- Spokesmen for the isolationist point of view did not support President Roosevelt in his stand for a peace built around freedom of speech and expression, freedom of worship, freedom from want and freedom from fear. They were quick to condemn the President for having joined with Winston Churchill in subscribing to the Atlantic Charter. They saw dangerous foreign entanglements in such, simple words of the President as these: „The co-operation which we seek is the co-operation of free countries, working together in a friendly civilized society.“
- We may wonder whether the long and bitter fight put up by the isolationists in the decade of the twenties to keep the United States from behaving as if it were part of the world is to be renewed when the time comes for building a new peace. What they do will have an important bearing on political alignments in the United States. The injection of such an issue into politics would ordinarily be nothing of which to complain, for surely the people have a right to choose the policies they want the nation to pursue. But the really serious aspect of the matter is that the whole future not only of this country but of human civilization itself may depend on, the ability and willingness of the American people to take the broad view.
- For my part, I believe that the American people have profited from their experiences of the last twenty-five years. I believe that they will perceive, with increasingly clear vision, the place of leadership in the world which the United States can scarcely avoid occupying; and that they will support policies and arrangements for sensible co-operation with other countries.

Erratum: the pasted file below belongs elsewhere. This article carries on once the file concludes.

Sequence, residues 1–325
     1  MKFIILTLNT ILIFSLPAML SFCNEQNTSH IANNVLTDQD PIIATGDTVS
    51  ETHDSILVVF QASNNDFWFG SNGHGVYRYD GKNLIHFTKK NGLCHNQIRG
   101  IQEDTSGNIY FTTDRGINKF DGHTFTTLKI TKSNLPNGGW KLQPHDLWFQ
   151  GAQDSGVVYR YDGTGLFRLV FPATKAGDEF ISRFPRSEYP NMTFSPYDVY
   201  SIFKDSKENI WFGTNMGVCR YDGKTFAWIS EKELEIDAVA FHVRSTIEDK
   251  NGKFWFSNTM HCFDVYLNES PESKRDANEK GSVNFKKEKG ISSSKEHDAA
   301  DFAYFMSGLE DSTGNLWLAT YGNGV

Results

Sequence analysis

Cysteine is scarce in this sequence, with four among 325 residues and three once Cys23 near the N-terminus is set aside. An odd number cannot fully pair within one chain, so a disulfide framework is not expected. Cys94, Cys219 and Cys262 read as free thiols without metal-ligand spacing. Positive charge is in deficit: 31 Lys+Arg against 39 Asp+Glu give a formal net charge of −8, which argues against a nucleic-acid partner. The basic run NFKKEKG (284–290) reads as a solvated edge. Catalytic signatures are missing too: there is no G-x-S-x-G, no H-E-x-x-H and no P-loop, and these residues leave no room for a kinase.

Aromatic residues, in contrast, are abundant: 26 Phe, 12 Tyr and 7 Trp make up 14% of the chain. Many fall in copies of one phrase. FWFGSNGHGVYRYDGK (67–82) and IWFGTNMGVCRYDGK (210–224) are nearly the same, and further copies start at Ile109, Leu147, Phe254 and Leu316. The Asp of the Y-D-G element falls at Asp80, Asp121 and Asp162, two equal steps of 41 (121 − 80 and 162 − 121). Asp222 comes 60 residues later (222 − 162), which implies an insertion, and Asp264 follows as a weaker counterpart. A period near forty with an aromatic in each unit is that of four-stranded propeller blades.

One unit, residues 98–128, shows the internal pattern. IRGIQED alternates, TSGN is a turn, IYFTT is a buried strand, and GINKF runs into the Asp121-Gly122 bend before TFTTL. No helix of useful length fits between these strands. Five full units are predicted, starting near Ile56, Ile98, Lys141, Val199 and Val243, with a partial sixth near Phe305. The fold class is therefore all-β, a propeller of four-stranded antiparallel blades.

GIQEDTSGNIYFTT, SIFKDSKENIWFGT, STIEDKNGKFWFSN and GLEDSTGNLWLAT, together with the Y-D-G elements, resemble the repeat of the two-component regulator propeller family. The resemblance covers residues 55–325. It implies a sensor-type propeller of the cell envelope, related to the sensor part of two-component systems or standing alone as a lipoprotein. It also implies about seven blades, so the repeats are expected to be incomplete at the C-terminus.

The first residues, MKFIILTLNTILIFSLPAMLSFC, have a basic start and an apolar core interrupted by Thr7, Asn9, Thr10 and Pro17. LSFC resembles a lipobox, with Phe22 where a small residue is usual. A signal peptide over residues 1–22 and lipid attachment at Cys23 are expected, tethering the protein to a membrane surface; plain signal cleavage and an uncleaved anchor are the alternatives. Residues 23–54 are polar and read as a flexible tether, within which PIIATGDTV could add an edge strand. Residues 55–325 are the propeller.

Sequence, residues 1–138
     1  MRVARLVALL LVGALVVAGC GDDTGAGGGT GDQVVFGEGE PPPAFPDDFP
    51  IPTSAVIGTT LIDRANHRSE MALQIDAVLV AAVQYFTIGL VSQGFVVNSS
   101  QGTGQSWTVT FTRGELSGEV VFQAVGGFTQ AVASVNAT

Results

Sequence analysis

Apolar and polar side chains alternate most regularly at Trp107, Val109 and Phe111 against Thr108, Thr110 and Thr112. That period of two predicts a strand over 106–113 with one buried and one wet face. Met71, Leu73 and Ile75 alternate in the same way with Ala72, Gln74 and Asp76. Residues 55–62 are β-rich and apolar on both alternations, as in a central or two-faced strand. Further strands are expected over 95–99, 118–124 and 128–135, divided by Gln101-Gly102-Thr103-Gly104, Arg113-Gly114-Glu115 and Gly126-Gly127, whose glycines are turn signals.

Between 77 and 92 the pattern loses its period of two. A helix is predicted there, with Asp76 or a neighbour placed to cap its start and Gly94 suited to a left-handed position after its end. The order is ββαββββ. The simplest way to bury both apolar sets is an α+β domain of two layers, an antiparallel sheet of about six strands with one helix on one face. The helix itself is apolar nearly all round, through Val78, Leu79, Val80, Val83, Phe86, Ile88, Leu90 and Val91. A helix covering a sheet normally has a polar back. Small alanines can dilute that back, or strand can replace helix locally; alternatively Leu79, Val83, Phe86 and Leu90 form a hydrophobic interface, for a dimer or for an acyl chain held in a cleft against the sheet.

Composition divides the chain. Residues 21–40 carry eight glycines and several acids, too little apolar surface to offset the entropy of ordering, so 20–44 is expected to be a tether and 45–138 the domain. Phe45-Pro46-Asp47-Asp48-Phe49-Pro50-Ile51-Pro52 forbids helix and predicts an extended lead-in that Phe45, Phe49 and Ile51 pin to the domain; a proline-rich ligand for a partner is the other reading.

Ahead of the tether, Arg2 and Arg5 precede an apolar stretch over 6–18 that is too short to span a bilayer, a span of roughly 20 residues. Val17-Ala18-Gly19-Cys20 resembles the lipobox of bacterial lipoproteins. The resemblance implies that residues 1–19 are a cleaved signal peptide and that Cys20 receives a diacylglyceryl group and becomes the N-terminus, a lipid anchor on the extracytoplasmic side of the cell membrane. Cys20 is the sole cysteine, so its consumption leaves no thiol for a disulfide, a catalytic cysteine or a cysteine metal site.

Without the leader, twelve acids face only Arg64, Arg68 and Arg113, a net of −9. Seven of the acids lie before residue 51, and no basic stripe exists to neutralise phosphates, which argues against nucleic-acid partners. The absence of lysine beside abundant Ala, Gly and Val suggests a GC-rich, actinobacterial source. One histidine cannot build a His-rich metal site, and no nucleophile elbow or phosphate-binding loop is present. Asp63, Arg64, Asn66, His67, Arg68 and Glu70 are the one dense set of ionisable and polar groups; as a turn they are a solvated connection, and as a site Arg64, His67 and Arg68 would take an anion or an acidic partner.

- One evidence of the more enlightened point of view is found in the wide understanding of the great practical difficulties in the way of this country’s trying to receive billions of dollars in goods and services when the war ends, in exchange for the weapons and food now being shipped abroad under the Lend-lease Act. There seems some merit in the often-heard suggestion that the United States will be well repaid if Britain and the other recipients of lend-lease materials enter genuinely, intelligently and wholeheartedly into co-operative relationships to ensure the world’s economic and social stability after the war.
- The peace aims which Roosevelt and Churchill have enumerated are splendid statements of principle. They open up big fields for exploration. The job now is to work out, as definitely as we can while the war is still in progress, practical ways and means for realizing them.